In a nutshell, if you are in close proximity to cell towers, radar installations or have wi-fi, bluetooth devices, cell phones, cordless phones, wireless baby monitors or a microwave oven, you will have the presence of radio frequency fields in your home.

Unfortunately, the ambient levels of RF radiation in most cities is surprisingly high. Even if you lived like a Luddite and removed all wireless devices from your home you may still have high levels of RF simply from your city’s infrastructure and your neighbors’ tech devices.

More on this and how to lower your RF exposure from the various tech devices in your home later in the chapter.

Section 02:

 

Learn More About Radio Frequency Fields

Interested in learning more about radio frequency fields?

In this section we’ll go over some of the common internal and external sources of radio frequency fields you may encounter in and around your home.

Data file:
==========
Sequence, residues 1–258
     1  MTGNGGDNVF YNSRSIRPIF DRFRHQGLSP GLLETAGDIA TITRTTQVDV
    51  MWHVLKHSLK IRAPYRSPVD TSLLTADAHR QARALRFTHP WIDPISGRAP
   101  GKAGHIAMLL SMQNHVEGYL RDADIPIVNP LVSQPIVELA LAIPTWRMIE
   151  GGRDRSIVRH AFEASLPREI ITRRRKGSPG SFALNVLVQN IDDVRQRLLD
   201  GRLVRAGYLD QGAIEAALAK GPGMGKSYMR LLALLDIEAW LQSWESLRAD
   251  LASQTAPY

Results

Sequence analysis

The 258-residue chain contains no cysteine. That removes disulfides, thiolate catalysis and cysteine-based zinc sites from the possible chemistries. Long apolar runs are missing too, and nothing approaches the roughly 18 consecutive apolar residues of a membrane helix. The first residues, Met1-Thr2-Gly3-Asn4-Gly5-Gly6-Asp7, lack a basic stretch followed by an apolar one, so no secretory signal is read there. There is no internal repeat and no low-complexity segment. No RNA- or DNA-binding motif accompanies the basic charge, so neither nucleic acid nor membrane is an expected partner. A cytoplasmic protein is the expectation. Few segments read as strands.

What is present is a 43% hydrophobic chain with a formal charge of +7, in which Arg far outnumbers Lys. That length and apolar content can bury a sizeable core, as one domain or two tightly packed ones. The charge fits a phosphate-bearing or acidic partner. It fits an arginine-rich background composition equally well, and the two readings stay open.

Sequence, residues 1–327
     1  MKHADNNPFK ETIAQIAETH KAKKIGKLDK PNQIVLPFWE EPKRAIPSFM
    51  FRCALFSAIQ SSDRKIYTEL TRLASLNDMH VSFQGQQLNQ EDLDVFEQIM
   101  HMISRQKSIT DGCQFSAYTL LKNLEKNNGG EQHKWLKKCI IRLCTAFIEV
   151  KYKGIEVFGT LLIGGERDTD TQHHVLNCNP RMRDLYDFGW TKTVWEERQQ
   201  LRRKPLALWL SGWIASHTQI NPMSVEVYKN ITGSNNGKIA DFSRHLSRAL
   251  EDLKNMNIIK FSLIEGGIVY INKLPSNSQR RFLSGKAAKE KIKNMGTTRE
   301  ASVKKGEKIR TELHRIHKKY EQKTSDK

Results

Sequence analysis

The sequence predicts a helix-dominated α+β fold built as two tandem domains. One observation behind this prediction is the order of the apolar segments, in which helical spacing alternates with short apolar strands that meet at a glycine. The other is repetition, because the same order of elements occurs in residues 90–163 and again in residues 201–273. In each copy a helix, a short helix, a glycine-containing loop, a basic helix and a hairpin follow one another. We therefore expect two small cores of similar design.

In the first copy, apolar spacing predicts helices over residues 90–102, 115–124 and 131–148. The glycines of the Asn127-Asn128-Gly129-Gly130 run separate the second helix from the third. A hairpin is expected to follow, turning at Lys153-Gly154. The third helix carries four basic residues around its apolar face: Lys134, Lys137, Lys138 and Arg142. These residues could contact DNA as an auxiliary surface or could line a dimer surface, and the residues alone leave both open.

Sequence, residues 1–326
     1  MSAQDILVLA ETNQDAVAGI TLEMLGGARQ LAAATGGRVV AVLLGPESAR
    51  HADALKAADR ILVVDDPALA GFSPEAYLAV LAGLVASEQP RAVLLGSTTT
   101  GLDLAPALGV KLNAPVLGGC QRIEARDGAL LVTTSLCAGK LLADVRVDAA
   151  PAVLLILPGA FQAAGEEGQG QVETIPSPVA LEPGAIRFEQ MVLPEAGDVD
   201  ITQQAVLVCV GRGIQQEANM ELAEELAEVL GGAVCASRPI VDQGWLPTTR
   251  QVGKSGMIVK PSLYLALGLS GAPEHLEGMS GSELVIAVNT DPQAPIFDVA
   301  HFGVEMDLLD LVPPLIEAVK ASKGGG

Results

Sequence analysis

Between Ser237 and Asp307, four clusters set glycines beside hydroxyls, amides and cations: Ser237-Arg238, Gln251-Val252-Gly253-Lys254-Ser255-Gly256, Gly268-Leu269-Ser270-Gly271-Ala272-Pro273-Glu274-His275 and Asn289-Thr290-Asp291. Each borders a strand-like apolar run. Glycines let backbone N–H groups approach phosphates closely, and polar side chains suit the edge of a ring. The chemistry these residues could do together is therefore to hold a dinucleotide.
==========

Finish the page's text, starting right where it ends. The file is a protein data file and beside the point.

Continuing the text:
Some of these field sources are sure to surprise you:

Deep Dive: An Overview of Radio Frequency Fields

If you take a moment to examine the Electromagnetic Spectrum graphic01 above, you’ll see that radio frequency (RF) radiation is the portion of the spectrum located between 3kHz and 300 GHz.

This portion of the spectrum is commonly divided into two sections: Radio Waves and Microwaves.

Radio waves encompass the following:

  • AM Radio (535 kilohertz to 1,700 kilohertz)
  • Shortwave Radio (5.9 megahertz to 26.1 megahertz)
  • CB Radio (26.96 megahertz to 27.41 megahertz)
  • FM Radio(88 megahertz and 108 megahertz)